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    With a jack and jackstands for protection, carefully loosen the front subframe bolts. You want at least 4 full threads (bolt rotations ) of engagement, but on the front you only need to drop it down enough to allow some tilt (a little bit of a gap bewtween the upper mount dust sheild and the fame of the car).

    On the rear suframe bushings lower the rear bolts as far as possible remembering to make sure you have four full rotations of bolt engagement; use a jack to support the rear of the subframe so that it doesn't drop suddenly. Even then don't go under without a couple of spare jackstands under the subframe. Should get you just enough access. From what I can recall pulling the front swaybar helps. Remember that you may be putting a bit of strain on the steering coupler.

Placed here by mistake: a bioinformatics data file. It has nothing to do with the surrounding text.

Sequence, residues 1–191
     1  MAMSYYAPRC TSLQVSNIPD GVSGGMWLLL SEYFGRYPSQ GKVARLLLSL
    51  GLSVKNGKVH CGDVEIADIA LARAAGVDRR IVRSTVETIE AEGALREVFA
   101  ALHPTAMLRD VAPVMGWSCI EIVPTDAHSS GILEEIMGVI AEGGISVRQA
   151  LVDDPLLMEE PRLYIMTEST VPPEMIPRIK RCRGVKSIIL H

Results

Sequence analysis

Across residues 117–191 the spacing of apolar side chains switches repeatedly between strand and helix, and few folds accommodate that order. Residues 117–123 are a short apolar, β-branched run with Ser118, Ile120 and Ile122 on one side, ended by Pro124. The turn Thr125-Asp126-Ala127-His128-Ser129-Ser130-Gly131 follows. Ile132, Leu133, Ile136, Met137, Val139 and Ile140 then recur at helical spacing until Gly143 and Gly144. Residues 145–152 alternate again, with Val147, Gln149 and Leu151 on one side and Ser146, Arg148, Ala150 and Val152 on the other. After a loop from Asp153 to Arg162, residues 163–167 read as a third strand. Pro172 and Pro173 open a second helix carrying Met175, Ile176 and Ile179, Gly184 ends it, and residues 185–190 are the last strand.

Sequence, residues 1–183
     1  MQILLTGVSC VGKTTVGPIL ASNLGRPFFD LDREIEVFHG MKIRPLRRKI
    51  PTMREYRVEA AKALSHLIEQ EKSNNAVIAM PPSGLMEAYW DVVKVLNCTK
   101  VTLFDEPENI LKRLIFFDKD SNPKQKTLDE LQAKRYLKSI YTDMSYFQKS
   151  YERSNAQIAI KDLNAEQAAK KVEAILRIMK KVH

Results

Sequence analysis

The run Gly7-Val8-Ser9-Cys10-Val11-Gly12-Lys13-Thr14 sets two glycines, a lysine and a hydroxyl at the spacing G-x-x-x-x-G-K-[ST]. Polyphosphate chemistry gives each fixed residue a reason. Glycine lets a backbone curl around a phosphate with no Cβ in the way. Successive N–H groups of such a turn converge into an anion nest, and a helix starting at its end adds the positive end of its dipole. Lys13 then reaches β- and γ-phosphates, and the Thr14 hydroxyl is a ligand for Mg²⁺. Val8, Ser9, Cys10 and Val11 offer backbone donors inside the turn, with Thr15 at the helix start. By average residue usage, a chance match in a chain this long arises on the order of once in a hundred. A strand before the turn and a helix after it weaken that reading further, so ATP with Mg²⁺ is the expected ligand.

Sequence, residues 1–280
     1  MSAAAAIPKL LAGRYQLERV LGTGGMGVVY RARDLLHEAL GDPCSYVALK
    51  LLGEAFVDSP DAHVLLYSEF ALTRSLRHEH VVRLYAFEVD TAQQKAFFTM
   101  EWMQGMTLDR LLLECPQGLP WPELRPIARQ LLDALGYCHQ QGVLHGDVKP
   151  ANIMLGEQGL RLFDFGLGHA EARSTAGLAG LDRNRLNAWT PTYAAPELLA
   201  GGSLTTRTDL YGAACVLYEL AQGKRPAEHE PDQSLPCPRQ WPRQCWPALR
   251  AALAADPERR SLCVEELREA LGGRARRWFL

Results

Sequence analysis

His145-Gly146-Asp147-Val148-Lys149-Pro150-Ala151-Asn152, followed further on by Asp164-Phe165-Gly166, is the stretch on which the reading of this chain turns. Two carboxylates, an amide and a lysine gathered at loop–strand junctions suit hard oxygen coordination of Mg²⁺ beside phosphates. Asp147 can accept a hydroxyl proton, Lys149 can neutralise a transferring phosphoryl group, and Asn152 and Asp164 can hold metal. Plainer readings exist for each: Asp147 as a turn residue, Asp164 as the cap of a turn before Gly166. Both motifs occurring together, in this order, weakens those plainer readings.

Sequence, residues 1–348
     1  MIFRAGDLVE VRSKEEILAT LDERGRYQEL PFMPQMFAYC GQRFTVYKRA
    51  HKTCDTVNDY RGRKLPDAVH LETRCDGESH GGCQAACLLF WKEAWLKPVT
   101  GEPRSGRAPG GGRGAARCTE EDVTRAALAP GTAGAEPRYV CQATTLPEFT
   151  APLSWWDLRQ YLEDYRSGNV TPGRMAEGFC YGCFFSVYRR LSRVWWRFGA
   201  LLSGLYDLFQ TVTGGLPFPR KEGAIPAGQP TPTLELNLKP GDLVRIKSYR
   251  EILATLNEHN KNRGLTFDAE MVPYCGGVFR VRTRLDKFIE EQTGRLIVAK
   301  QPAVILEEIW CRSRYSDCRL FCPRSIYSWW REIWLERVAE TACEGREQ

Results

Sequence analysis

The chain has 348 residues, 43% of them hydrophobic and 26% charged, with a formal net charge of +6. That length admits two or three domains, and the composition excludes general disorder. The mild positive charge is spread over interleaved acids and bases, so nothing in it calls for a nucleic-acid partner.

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  4. sperold

    sperold Last to Know Supporting Member

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    After removing the drivers side front wheel, you can see into the engine compartment where the tie rod comes by the front frame rail.

    After a lot of trying various wrench sizes, the pressure supply hose (Gates 359370) was removed with a 17 mm open end wrench. I cut the box end off so I could apply a small diameter extension to that end, as it was too difficult to just reach in and turn it.

    Then I discovered the return line (Gates 364720) uses an 18 mm hex size, but the same procedure worked with it, without removing the box end, but using an extension just the same.